Ernest Hemingway had it right when he said "There is nothing much to writing. All you do is sit down at the typewriter and bleed."
My husband has also observed that I do much more "writing" when I'm not actually sitting at the computer. At odd moments while eating or driving the car or cleaning the bathroom, ideas that eventually go into making up my next novel spring up like dandelions and I need to write them down before they go away. Those little scribblings give me my jumping off point so that I leap into writing a scene as opposed to leaping off the nearest ten-story building. It's not easy to sit down at the computer and bleed.
So I am now feeling my way into working on a series. I had never meant to write one. I've always done stand-alone novels and coming up with new stories for the same characters is both easier (the story universe is already in place) and harder (now what do I want them to do?) My little struggles make me wonder what goes on in the head of someone like George R. R. Martin, who can write entire reams about his universe and not show even the slightest sign of drying up. How does he do that?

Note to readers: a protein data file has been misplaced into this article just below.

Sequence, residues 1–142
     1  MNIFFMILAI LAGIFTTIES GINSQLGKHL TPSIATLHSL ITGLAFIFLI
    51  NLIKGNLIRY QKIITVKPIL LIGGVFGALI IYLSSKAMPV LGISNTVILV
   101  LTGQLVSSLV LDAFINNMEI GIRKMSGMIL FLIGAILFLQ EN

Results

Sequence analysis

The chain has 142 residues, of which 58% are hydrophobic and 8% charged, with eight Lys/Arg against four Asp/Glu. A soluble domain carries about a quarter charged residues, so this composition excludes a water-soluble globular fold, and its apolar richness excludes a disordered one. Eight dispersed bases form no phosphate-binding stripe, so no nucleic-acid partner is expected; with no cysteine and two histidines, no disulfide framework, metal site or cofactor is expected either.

And then there was this blog thing. Back when I submitted and sold my very first e-published story, HuntingSpirits, my editor said that I should expand my cyber-presence by starting a blog. Okay. A weekly blog. That sounded like a good idea. Not that difficult. HA! Trying to meet a weekly blog deadline with, at first, writing, school, and a grandson, and now with writing, jobs, and a grandson, is quite the challenge. I'm not always able to pick up the gauntlet that circumstances have tossed into my path. Not to mention slapping me across the face with it first.
But I keep trying.
So maybe what I'll start doing, as I once did, is write a list of possible blog subjects to discuss on a weekly basis. I want a blog entitled "Ubiquitous Ghosts" to live up to that title. And I do love scary stories.
So okay. I'll start working on that list and see if I can get better at this weekly appointment. Especially since my books keep advertising this site.
Thanks for your patience and for reading my work. I'll try to keep up my end of the bargain, too. But damn, that Hemingway sure knew what he was talking about.